Chapter Three 

Alex and Henry’s fake friendship goes over very well in the press, and the public becomes fans of the two famous sons hanging out together. Though they continue to give each other a hard time, they slowly move away from antagonism and begin to develop a real friendship. Alex and Henry text, and Henry reveals to Alex that he doesn’t want any of the crown’s money because of his country’s legacy of genocide. Alex is impressed. Alex sends Henry a box of campaign buttons with his face on them as a joke. They tease each other about Star Wars and Harry Potter and exchange stories about their families.  

Alex goes to visit Rafael Luna, the youngest US senator and a friend of the family. Alex is trying to lobby for a political endorsement for his mother’s reelection campaign, and Luna teases Alex about when he used to intern for him. Alex, June, Ellen, and her husband Leo have a family dinner, and they each share one good thing and one bad thing that happened in their day, which is a family tradition. Ellen offers Alex and June jobs in her reelection campaign, Alex as a researcher, and June in communications. Alex is eager to accept and thrilled he doesn’t have to wait until he’s done with college to start officially working in politics. June, who wants to be a journalist, is resistant because the position would further compromise her ability to work in journalism.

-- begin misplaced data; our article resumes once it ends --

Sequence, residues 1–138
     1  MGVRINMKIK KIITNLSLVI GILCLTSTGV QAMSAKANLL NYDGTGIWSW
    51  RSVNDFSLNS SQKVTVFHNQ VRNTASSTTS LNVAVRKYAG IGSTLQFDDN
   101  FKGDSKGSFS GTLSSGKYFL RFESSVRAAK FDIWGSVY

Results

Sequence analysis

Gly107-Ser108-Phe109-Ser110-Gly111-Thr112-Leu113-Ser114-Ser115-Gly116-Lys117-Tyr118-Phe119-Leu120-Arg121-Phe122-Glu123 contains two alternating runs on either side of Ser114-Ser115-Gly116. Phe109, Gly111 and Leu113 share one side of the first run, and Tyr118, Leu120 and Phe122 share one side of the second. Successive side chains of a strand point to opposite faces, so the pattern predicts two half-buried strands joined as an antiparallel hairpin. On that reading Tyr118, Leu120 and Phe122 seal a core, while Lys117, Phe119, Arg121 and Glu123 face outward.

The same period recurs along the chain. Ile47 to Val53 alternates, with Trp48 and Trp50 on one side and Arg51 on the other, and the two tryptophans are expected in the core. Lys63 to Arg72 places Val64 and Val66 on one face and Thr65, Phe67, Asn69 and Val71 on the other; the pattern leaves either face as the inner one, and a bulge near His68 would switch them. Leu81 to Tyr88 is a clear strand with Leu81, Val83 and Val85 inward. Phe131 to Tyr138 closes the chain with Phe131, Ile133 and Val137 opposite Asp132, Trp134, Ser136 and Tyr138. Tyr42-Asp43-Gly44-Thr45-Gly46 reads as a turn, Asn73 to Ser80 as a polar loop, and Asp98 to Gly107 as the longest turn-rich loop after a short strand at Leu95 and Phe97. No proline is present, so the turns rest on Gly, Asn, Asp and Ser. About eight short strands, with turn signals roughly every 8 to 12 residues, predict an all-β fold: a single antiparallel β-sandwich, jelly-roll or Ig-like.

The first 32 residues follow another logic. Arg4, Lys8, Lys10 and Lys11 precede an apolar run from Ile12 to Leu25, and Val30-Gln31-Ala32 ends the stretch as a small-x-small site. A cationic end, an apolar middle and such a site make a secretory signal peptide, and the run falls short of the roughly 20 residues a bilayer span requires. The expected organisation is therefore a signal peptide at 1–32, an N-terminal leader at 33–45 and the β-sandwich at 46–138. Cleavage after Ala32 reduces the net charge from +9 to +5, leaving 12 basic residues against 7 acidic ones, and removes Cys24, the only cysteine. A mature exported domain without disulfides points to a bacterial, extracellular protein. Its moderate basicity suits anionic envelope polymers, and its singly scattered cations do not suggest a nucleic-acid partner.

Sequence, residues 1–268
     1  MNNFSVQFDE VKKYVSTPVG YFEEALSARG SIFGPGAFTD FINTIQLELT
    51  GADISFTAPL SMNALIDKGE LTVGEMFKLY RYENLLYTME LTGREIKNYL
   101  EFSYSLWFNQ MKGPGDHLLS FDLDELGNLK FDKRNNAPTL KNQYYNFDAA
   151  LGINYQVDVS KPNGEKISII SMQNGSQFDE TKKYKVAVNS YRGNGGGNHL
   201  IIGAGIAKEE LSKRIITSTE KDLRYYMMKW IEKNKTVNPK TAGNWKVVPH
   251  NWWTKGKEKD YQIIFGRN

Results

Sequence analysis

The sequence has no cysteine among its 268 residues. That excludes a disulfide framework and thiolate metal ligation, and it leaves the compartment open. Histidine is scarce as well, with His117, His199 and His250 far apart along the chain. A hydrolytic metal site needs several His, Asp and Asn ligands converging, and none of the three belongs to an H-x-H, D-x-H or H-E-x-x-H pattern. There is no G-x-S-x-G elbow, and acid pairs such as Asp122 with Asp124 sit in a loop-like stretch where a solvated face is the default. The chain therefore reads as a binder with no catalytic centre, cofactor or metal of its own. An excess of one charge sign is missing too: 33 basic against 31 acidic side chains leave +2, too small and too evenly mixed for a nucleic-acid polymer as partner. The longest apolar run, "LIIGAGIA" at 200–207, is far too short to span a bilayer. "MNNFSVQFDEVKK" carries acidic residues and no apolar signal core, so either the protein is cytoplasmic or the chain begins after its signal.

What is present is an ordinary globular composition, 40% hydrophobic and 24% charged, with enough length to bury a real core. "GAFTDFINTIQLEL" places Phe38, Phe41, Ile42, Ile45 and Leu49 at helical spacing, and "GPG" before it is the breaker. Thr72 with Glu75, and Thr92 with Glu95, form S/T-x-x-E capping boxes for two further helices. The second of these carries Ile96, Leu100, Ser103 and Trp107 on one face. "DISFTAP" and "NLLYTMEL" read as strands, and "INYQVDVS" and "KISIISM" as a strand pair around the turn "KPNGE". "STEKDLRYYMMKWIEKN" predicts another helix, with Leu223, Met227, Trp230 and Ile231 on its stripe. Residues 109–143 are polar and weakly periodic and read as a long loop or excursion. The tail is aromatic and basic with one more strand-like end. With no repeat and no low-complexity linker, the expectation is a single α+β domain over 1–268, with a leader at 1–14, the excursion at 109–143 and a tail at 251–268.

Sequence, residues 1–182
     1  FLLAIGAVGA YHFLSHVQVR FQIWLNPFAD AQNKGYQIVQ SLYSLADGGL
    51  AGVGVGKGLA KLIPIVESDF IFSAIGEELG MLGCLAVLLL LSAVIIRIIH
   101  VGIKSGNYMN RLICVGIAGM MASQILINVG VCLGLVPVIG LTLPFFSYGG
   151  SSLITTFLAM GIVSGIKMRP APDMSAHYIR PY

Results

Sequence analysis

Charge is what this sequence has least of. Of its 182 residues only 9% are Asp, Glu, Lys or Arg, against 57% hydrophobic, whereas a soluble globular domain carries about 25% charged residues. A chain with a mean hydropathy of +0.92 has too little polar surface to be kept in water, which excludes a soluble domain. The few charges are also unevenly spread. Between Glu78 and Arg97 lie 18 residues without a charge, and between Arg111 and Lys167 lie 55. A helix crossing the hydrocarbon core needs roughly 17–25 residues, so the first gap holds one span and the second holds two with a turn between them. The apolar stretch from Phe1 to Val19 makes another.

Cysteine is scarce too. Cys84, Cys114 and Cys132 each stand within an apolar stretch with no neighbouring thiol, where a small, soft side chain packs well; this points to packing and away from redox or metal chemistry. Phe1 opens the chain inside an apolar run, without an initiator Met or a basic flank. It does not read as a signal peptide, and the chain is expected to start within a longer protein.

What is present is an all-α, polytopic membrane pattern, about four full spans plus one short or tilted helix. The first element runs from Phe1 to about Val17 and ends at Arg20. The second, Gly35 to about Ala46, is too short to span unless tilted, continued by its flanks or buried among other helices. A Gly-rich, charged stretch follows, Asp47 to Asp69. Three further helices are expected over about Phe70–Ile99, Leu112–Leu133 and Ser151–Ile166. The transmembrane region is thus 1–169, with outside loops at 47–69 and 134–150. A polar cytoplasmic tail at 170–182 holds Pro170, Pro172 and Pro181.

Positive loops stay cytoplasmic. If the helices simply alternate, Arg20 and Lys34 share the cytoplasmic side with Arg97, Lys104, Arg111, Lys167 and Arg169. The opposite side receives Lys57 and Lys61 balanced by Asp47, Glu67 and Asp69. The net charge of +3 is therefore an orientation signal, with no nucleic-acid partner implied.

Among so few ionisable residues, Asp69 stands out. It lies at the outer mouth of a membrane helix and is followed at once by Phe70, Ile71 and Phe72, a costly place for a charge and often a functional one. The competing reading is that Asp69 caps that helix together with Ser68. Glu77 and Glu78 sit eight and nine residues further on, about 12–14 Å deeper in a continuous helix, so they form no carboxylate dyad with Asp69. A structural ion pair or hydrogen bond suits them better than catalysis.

Chapter Four 

Alex learns that the turkeys that are pardoned by the president every year are put up at a five-star hotel by the taxpayers. This upsets him, and he decides to house the turkeys in his room. He finds that he is, however, afraid of the turkeys. He ends up calling Henry for moral support, and they talk on the phone for the first time. Henry teases Alex mercilessly, goading him into getting very close to the turkey so Henry can hear the turkey’s frightening gobble. Alex insists that Henry show him a picture of Henry’s dog, David, whom Alex learns is named after David Bowie. This makes the name seem much cooler than he’d originally thought.  

During Christmas dinner, Ellen and Oscar, Alex and June’s dad, get into a fight when Oscar suggests campaigning with the family. Deeply upset about their holiday meal being ruined, Alex reaches out to Henry again, and they have a heart-to-heart on the phone. Alex tells Henry the story of his parents’ divorce, and Henry listens sympathetically and tells Alex he did his best. Henry and his best friend Pez come for Alex, June, and Nora’s famous New Year’s Eve party. They all have an epic good time, and Alex teaches Henry to dance to popular American music. At midnight, Alex kisses Nora, who Alex used to date, and Henry is jealous. Alex finds Henry in the garden and Henry kisses him. Henry disappears before Alex can say anything.